If you live with other people, you know the problem: On Wednesday you notice that you’re out of milk, but you’ve forgotten about that by the time your spouse goes shopping on Friday. Or you write a note on that pad on the fridge, but your handwriting is illegible. Or what if the two of you go shopping at different stores and both buy milk?
We’re used to living with these problems, but we don’t have to any more. Cloud-based shopping list services combined with smartphone apps ease shopping chores. When you use your smartphone to mark what needs to be bought, the rest of the family will see it on their phones as well.
Grocery Gadgets: On the Web and In Your Phone
At least you can do that with the service I’m recommending, Grocery Gadgets. You can access the service on your browser for free, but that’s of limited use because the web site isn’t mobile-friendly. You probably don’t want to create this week’s shopping list on a computer, and you certainly don’t want to take one shopping.
So you’re best off using Grocery Gadgets on your smartphone. And while that’s not free, it’s not exactly expensive, either. The iPhone app costs $4; the Android one, $3. These apps are almost functionally identical, although the iPhone one is prettier to look at. Apps are also available for BlackBerry, Nokia, and Windows Phone handsets.
(LIST: 50 Best iPhone Apps of 2011)
There are free apps, as well, but they’re too severely crippled to be useful. There are also no ongoing charges for the service. Grocery Gadgets syncs the data on your phone to the data in the cloud. You and your family will have the same shopping list on all of your phones.
Grocery Gadgets has one other fault I want to bring up right now: The user interface isn’t as obvious as it should be, especially if you’re moving between the website and a phone app. For instance, the web version has a “Favorites” list which contains every item on every other list. That list exists on the iPhone or Android Apps, though the word Favorites never appears.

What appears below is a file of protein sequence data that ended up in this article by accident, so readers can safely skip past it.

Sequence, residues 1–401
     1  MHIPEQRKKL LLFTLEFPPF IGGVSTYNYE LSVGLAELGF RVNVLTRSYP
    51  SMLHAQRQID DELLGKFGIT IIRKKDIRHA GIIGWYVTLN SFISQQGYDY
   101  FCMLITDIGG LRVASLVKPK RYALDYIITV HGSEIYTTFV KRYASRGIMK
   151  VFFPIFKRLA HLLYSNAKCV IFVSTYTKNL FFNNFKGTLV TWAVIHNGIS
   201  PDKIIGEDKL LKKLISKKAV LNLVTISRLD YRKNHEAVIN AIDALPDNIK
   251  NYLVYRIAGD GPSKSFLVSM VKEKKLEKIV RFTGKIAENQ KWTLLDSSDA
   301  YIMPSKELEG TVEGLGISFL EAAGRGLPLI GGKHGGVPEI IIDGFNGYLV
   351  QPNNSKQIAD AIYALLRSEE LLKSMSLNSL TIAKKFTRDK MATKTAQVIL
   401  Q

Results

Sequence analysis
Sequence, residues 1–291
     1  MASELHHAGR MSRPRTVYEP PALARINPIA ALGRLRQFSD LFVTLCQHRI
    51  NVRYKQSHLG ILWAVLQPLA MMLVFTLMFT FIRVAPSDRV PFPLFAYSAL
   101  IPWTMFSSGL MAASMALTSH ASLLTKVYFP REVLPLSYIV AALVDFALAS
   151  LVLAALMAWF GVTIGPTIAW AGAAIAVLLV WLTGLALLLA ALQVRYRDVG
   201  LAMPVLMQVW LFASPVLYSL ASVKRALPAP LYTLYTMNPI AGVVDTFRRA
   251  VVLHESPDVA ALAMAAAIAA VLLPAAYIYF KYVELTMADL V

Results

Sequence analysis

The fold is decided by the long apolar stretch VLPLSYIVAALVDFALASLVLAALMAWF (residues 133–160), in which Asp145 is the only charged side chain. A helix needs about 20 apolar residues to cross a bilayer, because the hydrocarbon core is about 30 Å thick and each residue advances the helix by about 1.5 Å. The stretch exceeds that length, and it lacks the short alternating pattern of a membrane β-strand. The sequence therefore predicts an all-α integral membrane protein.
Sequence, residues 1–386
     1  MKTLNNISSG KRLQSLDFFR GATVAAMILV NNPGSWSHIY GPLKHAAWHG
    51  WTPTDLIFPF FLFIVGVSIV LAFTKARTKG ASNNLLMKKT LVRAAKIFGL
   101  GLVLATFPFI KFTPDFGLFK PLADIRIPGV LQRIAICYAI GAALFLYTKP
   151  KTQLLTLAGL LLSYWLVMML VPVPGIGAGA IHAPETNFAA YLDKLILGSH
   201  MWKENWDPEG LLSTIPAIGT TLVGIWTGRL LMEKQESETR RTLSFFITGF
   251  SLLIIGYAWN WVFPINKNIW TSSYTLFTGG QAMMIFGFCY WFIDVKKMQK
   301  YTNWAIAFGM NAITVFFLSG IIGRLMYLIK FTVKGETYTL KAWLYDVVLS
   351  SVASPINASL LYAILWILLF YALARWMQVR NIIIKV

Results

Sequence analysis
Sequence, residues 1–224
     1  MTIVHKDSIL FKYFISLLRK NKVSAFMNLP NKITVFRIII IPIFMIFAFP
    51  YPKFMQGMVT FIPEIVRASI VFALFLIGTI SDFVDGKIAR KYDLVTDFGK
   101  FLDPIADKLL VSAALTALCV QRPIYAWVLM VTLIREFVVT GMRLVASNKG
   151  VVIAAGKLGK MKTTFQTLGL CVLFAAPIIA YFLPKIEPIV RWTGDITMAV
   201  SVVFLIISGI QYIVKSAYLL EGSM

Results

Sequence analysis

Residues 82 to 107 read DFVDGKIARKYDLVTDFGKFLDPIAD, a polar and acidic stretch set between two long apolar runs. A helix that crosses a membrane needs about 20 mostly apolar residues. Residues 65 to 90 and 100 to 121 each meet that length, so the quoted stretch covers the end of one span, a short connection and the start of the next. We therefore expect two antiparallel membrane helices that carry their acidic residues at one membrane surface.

Lists, Stores, Categories, and Aisles
Although you’ll probably use Grocery Gadgets almost exclusively on your phone, it’s easier to initially set it up on the web. Either way, you can create any number of lists, and assign any number of items (milk, oranges, bread, and so on) to them. You can assign an item to one, any, or all of the shopping lists. Most of the information about a particular item (name, barcode, and so on) is universal to all of the lists that item is on, but the quantity setting (how much you need to buy) is shopping-list specific.
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There are at least two approaches to organizing lists. Grocery Gadgets recommends you create lists for types of stores—grocery stores, drugstores, hardware stores, and so on. This way, the stores become subcategories of the lists. You can set up the program so that, if you need milk, it will appear on shopping lists for all of your grocery stores, but a store-brand cereal will only appear for the store that carries it.